Vitamin Deficiency Anemia
What is vitamin deficiency anemia?
Vitamin deficiency anemia is a condition in which your body doesn’t produce enough healthy red blood cells. It happens primarily when you have low levels of vitamin B12 or B9 (folate or folic acid).
Instead of producing healthy red blood cells, your body may produce irregularly large red blood cells. These cells can’t carry oxygen throughout your body the way they should. Because the red blood cells are abnormally large, another name for vitamin deficiency anemia is macrocytic or megaloblastic anemia.
How do vitamin B12 or folic acid deficiency cause anemia?
Both vitamins are crucial in many processes in your body, including making red blood cells. Without enough B12 or folic acid, your body doesn’t make normal red blood cells and those cells die more quickly than normal cells so they can’t carry oxygen to all of your body tissues. This lack of normal red blood cells is anemia.
Who is more likely to get vitamin deficiency anemia?
You may develop vitamin deficiency anemia if you don’t consume enough foods with vitamins B12 or folate. Or you may have a condition that makes it hard for your body to process these nutrients, such as:
Symptoms and Causes
What are the symptoms of vitamin deficiency anemia?
Vitamin deficiency anemia symptoms may be mild or subtle. You may notice them gradually worsen over several months or years. You may experience:
- Heart palpitations.
- Muscle weakness.
- Numbness or tingling in your hands or feet.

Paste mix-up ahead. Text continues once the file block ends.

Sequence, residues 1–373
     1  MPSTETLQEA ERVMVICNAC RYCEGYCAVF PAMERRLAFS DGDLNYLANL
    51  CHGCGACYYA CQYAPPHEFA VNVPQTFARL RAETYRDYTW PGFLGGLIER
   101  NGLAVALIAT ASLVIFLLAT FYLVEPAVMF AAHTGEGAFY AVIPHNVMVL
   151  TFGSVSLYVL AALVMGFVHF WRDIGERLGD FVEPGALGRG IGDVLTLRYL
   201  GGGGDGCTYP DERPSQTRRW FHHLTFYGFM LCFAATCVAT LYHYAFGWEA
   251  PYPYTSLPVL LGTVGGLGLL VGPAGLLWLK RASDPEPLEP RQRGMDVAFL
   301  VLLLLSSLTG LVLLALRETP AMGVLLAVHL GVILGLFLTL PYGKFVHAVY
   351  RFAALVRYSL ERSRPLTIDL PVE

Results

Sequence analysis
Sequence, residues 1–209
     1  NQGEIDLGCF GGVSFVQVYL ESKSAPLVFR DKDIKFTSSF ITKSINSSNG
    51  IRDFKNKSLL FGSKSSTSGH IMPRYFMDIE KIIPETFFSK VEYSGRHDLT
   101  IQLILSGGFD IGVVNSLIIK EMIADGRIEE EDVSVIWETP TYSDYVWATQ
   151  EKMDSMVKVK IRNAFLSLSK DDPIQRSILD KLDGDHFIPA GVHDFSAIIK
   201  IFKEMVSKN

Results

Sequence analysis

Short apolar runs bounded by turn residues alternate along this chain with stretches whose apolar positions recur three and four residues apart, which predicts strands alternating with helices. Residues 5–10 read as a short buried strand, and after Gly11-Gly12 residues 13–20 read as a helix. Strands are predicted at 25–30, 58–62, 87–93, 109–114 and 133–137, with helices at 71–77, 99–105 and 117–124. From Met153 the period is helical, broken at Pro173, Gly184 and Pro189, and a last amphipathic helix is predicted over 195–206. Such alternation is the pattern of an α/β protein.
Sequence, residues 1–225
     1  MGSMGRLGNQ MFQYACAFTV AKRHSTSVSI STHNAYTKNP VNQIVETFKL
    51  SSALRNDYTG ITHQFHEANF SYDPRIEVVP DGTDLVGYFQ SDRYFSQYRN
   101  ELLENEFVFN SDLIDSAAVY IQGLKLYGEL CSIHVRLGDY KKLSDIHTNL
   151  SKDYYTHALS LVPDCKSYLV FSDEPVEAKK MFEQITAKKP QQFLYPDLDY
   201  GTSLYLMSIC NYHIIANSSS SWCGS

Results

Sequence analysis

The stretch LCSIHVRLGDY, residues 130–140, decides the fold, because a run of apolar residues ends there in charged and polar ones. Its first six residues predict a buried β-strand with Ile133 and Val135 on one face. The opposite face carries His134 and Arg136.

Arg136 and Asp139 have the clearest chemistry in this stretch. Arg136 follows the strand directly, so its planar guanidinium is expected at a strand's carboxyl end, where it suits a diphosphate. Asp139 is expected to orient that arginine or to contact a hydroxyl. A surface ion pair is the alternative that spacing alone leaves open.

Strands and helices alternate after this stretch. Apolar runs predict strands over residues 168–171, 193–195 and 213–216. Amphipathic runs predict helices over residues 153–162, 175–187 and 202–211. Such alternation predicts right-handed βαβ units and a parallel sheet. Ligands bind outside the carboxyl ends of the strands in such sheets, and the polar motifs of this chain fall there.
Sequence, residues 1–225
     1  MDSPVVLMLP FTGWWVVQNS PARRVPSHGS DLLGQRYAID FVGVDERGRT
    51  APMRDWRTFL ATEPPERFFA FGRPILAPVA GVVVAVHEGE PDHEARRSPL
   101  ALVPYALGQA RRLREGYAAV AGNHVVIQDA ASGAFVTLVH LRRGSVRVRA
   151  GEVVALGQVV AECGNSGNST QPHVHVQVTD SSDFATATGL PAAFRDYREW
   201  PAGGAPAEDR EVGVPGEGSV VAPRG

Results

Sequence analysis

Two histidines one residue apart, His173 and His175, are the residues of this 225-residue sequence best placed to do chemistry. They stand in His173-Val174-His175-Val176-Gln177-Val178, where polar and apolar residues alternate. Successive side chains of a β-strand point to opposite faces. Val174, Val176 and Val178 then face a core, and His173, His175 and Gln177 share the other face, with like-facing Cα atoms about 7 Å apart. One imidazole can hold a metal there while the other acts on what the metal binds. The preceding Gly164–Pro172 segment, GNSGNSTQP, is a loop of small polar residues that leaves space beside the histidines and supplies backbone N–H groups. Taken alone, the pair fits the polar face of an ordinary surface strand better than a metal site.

- Pale or yellowish skin.
- Shortness of breath (dyspnea).
- Unexplained weight loss.
Vitamin deficiency can also cause depression, and in severe cases, vitamin B12 deficiency may cause confusion, forgetfulness or even personality changes. In older people, this can sometimes be mistaken for dementia.
What causes vitamin deficiency anemia?
Vitamin deficiency anemia occurs when you have low vitamin B12 or folate levels. Causes of vitamin deficiency anemia may include:
- Certain medications, such as some anti-seizure drugs.
- Excessive alcohol use.
- Health conditions that affect nutrient absorption.
- History of gastric surgery.
- Intestinal problems such as tapeworms.
- Diet that doesn’t include adequate meats/fish, dairy products, eggs, or specific vegan options (B12) or dark green veggies, beans, nuts, seeds (folate).
You are also at a higher risk of a folate deficiency if you are:
Diagnosis and Tests
How is vitamin deficiency anemia diagnosed?
Your healthcare provider can use blood tests to diagnose vitamin deficiency anemia. This blood test may evaluate:
- Folate and vitamin B12 levels.
- Red blood cell count and appearance.
Your healthcare provider may request additional tests if they suspect pernicious anemia.
Management and Treatment
How is vitamin deficiency anemia treated?
Treatment for vitamin deficiency anemia aims to increase your levels of the vitamin you’re lacking. Your provider will determine the best dosage and type of treatment.
There are a variety of vitamin B12 or folate supplements, including: